In an earlier post I explained why it’s time to change the way we teach breastfeeding. I described research findings indicating that early breastfeeding is easier when mothers lean back with their babies’ weight resting on their body.1 (See my new Blog History category “Laid-Back Breastfeeding” in the right column for a link to all my posts on this subject.) These laid-back positions not only make breastfeeding less work for mothers, they also make it easier for babies to take the breast deeply, especially during the early weeks. That’s because in these positions gravity helps rather than hinders babies’ inborn feeding reflexes, which can make a huge difference when babies are at their most uncoordinated.
After decades of teaching mothers to breastfeed sitting upright or lying on their sides, many have difficulty visualizing this new approach. One common question I am often asked is whether these positions are practical after a cesarean birth. The answer is most definitely yes.
A number of adjustments can be made to help a mother customize laid-back breastfeeding (also known as “Biological Nurturing”) to her body type and situation. As you can see from these line drawings, one adjustment is changing the direction of the baby’s “lie” on her body. In all laid-back positions, baby lies tummy down on mother, but this can be accomplished in many ways. The baby can lie vertically below mother’s breast (as on this website’s banner), diagonally below the breasts, across her breasts, at her side, even over her shoulder. As Suzanne Colson explains in her DVD, “Biological Nurturing: Laid-Back Breastfeeding,” the breast is a circle, and the baby can approach it from any of its 360 degrees, except for positions in which the baby’s body covers mother’s face. So after a cesarean birth a mother can use many laid-back positions without baby resting on her incision.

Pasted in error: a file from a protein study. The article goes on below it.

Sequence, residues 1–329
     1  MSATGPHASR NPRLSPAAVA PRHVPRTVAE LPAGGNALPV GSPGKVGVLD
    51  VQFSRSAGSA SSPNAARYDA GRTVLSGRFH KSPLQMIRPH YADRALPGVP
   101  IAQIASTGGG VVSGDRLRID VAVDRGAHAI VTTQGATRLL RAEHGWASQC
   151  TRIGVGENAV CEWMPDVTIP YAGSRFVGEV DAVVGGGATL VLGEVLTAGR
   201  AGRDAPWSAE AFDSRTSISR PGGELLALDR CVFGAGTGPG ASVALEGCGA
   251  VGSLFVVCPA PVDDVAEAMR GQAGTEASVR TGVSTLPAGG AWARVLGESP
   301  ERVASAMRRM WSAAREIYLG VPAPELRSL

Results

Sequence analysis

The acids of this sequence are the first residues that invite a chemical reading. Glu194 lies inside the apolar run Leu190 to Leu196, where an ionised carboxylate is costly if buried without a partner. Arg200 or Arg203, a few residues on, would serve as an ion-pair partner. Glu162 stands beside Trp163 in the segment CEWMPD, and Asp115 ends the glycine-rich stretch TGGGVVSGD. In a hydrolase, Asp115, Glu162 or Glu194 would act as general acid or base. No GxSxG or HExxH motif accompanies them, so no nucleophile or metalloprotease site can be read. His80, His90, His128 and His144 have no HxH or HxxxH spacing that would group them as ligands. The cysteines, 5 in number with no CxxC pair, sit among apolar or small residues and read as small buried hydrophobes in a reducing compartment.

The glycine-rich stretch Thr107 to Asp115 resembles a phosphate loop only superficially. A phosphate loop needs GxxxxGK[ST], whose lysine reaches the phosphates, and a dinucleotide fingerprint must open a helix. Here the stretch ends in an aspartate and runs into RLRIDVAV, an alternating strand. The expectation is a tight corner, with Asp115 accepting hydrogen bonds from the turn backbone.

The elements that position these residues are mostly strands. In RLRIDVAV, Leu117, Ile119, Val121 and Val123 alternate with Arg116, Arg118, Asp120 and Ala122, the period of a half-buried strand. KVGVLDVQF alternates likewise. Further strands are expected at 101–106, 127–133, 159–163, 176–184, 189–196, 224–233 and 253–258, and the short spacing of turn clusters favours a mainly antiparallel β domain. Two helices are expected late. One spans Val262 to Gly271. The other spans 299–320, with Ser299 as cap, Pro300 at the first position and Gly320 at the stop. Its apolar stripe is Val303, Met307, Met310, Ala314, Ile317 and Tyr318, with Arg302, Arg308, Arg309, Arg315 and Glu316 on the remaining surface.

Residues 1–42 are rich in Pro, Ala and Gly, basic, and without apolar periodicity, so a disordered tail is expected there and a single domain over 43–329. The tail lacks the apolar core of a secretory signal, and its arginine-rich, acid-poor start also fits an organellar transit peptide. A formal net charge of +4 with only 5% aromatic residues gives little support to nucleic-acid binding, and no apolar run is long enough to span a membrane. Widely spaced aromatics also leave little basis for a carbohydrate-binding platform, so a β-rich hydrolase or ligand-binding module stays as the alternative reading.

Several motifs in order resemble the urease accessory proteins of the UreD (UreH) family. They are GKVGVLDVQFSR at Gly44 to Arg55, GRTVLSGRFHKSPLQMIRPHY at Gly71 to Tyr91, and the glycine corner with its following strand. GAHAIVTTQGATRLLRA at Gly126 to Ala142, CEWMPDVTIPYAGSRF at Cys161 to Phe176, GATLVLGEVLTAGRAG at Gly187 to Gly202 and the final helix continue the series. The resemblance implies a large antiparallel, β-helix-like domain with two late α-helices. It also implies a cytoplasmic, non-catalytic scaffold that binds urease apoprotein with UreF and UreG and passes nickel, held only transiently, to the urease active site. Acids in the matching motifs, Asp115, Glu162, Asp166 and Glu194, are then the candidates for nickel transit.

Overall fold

Another possible adjustment is the mother’s angle of recline, or how far the mother leans back. In laid-back positions, the mother leans back far enough so that her baby rests comfortably on her body without needing to support her baby with her arms but is upright enough so she and her baby can easily maintain eye contact. Because most hospital beds are adjustable, finding their best angle of recline is especially easy during the hospital stay. At home, I suggest mothers imagine the positions they use to watch their favorite television show. Most of us lean back on a sofa, chair, or bed, using cushions or pillows so we can relax our shoulders, head, and arms. Colson says the best laid-back breastfeeding positions are those that mothers can easily and comfortably maintain for up to an hour.
When using laid-back breastfeeding, ideally each mother finds her own best variations by trial and error. In light of these insights, I think the time has come for us to stop naming and teaching specific breastfeeding “holds.” (After all, no one teaches bottle-feeding mothers how to hold their babies during feedings!) That way, mothers will no longer waste their time trying to duplicate feeding positions taught in classes or pictured in books that may not be right for them or--even worse--may even make early breastfeeding more difficult. Instead, each mother’s focus will stay exactly where it belongs: on her and her baby.
1 Colson, S. D., Meek, J. H., & Hawdon, J. M. Optimal positions for the release of primitive neonatal reflexes stimulating breastfeeding. Early Human Development 2008; 84(7):441-449.